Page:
ANCHORAGE (KTUU) — Channel 2 interviewed Gov. Mike Dunleavy about his proposed budget Tuesday afternoon, which would cut $1.6 billion in state spending.
Gov. Mike Dunleavy sits down with Channel 2 to defend his massive budget cuts (KTUU)
For 15 minutes, he defended his proposed cuts and said Alaskans need to decide what are needs and what are wants.
"Right now it's going to be difficult for all Alaskans," Dunleavy said. "It's going to be difficult, it doesn't mater where you live in Alaska, doesn't matter what group you're associated with, this...deficit of such magnitude, it's going to impact all of us."
Economists analyzing the governor's budget have said that for every $100 million in state spending cut, 1,000 jobs would be lost.
"If the size of the cut is indeed $1.6 billion dollars you would lose about 17,000 jobs from that," said Dr. Mouhcine Guettabi, an economics professor at the Institute of Social and Economic Research.
Anchorage School Board President Starr Marsett says the governor's proposed budget would also mean about 1,200 teacher jobs might be cut from the Anchorage School District.
"I almost wanted to cry," Marsett said about seeing the proposed budget for the first time, "because it's just devastating. It's just devastating that someone could have that level of disrespect for education."
Dunleavy said student enrollment has gone down and school districts will have to look internally about spending, specifically mentioning travel and administration expenses.
He also said his budget shouldn't be a surprise to anyone.
"I think what people are surprised about is that we actually did what we said we were going to do," Dunleavy said.
Dunleavy said there's no proof that by increasing spending, or not making massive cuts, the economy will improve.
"Where's the proof that more spending will result in more jobs? The evidence shows the contrary. We've lost population in the state of Alaska. We've lost jobs," Dunleavy said.
Spending on capital projects and the statewide operating budget peaked in FY2013, and has declined year over year since that peak until flattening out near current levels in FY2017.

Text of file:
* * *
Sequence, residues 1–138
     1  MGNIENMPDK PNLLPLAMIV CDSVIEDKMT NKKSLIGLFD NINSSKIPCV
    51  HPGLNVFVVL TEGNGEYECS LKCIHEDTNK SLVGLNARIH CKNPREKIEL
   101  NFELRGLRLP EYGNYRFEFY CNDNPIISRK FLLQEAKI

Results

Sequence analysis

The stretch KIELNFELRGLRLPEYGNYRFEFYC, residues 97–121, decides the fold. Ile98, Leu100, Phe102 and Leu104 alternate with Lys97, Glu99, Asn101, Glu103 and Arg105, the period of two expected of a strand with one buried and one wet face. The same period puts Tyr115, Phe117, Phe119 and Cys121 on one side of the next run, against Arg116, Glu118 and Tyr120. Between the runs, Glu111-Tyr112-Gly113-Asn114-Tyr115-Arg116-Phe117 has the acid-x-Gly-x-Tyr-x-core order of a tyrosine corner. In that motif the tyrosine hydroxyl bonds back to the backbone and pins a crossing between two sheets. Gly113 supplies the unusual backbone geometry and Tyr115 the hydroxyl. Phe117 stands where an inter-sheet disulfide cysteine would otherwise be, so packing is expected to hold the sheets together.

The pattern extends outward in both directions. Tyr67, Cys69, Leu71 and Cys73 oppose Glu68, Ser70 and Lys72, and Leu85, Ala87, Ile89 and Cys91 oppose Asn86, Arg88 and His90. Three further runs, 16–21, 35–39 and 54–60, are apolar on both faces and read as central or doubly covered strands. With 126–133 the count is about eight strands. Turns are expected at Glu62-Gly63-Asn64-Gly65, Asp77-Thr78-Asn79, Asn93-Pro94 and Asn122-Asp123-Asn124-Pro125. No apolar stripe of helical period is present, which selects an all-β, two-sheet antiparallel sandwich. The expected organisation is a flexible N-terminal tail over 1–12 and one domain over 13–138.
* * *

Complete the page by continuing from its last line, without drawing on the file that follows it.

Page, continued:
He admits that more jobs will be lost, but says that private industry will invest in the state if it's fiscal situation is stable.
"Do I think that a $1.6 billion deficit will result in job losses? Sure. Definitely. Absolutely," Dunleavy said. "However, if we don't fix this this year we're going to have the same conversation next year, maybe the year after, but after that, when we're out of savings, we're going to have to close this gap through a massive re-organization in terms of reductions."
While proposing cuts Dunleavy has also released a proposal that would pay out money cut from the previous three Permanent Fund Dividend checks over a period of three years.
If adopted, Senate Bill 24 and Senate Bill 23, filed by the Senate Rules Committee at the request of the governor, would see payments added to the annual dividend checks of each eligible Alaskan of $1,061 in 2019, $1,289 in 2020 and $1,328 in 2021.
In a previous interview, Dept. of Revenue Commissioner Bruce Tangenan has said the 2019 PFD would be seen separately from the $1.6 billion deficit projected for the state.
He said there was $60.4 billion in the Permanent Fund and $16.6 billion in the Earnings Reserve Account available to be used for dividend payouts.
Guettabi says research, which hasn't been released yet, will show that the PFD only stimulates the economy for three months. He also says there is no study that shows what Alaskans spend their PFD checks on, or if that spending happens mostly in the state.
"Basically, the stimulus from the PFD lasts around three months," Guettabi said, "which means the types of jobs that get created are jobs that last October, November and December."
Impassioned debates about the budget and the PFD payouts are happening across the state from the halls of Juneau to Utqiagvik.
"I think the role out has gone as expected," Dunleavy said. "Did we expect some pretty vigorous discussions? Absolutely, because this is a different way of doing things."
Sean Maguire contributed to this report.